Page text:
Then there are psychological issues connected to dizziness or imbalance. Understandably, people might dread going out in public if they feel nauseous, can't walk in a straight line or are afraid of falling down. This can lead to depression, anxiety or other emotional problems.

Streamlined treatment

The good news is this broad approach to vertigo and dizziness can be successful. Wise emphasized the benefits to patients of a multidisciplinary office - it allows patients to go to one place for a variety of treatments.

"There's great statistics on how long it takes, how many specialists people go to before they get relief for vertigo," she said. "This office is a true collaboration with different specialists."

Kay Varron's story has taken a turn for the better. DeCriscio worked with her on a series of eye-movement exercises and balance exercises. He manipulated of her joints to improve her proprioception.

Working with DeCriscio has reduced her symptoms and brought her life back in balance.

"This has helped me in a lot of ways," she said. "I just hope I can help the next person.

To contact the Center for Dizziness & Balance Disorders, call 301-739-7667.

A health word to learn: Proprioception

Take five seconds and do this experiment: Close your eyes. Can you tell where your right hand is without looking? Now extend your left hand and slowly wave it up and down. Now right and left.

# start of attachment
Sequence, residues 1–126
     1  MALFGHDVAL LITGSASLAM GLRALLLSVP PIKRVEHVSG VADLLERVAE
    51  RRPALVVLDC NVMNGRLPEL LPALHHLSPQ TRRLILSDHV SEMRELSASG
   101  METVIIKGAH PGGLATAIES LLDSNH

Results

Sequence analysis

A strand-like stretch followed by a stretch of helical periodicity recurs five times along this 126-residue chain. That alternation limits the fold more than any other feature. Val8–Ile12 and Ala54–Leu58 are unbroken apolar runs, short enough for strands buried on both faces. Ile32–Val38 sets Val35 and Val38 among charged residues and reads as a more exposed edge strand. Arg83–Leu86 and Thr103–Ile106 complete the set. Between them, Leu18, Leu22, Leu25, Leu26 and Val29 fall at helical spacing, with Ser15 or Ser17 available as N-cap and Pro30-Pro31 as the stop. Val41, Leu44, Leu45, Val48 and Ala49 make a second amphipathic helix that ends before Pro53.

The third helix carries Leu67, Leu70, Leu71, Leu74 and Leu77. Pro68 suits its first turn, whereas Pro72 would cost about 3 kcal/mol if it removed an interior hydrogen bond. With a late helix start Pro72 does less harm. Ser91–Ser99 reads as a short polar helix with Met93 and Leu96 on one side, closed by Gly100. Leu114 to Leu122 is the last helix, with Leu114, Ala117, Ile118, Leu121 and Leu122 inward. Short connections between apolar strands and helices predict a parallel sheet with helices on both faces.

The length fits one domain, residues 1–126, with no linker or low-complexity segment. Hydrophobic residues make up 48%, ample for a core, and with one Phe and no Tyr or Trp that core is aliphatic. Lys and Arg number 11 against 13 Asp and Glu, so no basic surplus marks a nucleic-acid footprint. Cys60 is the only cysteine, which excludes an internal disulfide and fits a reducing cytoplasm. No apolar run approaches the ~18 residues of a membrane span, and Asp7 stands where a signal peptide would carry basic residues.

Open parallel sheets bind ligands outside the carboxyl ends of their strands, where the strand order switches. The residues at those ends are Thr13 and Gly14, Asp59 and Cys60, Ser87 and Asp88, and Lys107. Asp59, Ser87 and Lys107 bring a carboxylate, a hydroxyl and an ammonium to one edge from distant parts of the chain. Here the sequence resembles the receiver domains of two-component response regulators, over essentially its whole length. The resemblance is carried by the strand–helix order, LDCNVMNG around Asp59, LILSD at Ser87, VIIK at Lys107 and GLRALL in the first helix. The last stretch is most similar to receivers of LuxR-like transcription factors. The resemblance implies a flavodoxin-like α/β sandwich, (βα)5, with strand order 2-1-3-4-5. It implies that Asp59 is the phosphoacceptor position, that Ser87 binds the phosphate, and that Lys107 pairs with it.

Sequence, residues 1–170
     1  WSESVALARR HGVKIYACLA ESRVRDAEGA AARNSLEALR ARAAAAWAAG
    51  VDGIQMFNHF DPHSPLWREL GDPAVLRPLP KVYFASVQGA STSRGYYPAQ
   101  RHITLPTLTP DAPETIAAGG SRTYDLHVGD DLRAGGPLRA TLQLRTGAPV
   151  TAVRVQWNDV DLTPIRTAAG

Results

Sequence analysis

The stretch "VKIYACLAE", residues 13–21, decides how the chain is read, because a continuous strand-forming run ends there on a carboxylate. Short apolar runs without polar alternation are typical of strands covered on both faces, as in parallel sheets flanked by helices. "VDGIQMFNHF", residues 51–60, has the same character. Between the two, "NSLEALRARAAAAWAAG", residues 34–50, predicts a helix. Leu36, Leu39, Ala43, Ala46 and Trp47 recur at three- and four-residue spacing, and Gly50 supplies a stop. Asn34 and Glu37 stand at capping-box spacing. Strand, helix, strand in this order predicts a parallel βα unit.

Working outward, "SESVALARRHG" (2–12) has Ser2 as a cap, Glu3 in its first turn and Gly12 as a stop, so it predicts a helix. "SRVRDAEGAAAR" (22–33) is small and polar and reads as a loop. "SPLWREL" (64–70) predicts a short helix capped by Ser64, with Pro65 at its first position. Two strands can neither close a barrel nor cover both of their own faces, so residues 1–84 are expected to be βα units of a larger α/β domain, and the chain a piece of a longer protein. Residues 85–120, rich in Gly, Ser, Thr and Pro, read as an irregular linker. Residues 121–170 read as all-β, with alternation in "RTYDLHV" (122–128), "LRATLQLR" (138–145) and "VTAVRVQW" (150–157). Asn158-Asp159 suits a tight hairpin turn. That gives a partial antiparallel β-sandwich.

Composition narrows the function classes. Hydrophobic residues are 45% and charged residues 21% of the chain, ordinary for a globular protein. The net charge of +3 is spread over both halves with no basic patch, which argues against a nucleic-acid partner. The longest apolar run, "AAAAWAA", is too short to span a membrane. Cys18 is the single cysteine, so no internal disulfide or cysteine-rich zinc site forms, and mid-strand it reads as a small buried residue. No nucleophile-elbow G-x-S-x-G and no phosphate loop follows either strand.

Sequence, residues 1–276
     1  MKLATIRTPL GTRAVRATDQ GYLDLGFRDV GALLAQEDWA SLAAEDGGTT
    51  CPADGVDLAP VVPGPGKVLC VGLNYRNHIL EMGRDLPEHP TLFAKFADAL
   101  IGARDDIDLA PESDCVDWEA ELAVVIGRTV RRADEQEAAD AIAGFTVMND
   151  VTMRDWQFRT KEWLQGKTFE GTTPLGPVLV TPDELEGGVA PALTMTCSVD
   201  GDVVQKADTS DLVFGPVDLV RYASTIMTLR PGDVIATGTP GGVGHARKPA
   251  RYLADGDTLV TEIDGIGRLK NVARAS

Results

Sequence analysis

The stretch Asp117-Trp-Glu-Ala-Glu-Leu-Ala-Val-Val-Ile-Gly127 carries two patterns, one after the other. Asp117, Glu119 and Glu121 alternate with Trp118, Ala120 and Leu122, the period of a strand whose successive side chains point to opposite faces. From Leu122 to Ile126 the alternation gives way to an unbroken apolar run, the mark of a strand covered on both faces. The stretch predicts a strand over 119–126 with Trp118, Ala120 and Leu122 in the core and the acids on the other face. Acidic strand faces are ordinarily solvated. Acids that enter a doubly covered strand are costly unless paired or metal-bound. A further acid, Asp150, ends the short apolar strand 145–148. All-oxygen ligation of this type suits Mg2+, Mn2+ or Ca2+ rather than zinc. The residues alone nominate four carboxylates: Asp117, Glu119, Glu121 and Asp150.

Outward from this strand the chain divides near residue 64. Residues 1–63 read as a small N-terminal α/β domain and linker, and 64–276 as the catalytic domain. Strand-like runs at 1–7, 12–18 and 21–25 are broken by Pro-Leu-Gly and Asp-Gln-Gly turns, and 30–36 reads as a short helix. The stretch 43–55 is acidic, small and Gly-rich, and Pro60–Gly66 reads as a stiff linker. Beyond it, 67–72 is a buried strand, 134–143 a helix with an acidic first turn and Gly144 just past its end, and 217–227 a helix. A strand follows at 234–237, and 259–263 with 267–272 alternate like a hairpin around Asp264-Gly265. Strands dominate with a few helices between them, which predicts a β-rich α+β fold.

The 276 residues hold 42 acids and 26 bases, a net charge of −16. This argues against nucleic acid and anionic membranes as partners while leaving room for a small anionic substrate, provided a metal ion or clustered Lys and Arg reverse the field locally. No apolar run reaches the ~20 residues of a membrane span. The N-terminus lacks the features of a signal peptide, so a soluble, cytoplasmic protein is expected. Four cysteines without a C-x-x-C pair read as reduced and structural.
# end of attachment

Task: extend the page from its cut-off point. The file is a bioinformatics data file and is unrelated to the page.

Finally, still with closed eyes, straighten both arms in front of you and bring your left and right forefingers together until they touch.

OK, now open your eyes.

Without looking, could you feel your hand in space? How close did you come to making your forefingers touch tip to tip?

This ability to locate our limbs in space is called proprioception. It is considered a specialized human sense, along with taste, smell, sight, touch and hearing. Proprioception allows us to walk without having to watch where we make our feet step. It allows us to drive a car without watching our feet so we can make them move to the proper pedal or watching our hands so we make them move to the radio knob or the turn lever.

Proprioception is one of our most taken-for-granted senses. But without it, walking, eating, playing basketball and learning to type on a keyboard would be virtually impossible.

-- Chris Copley

The Herald-Mail Articles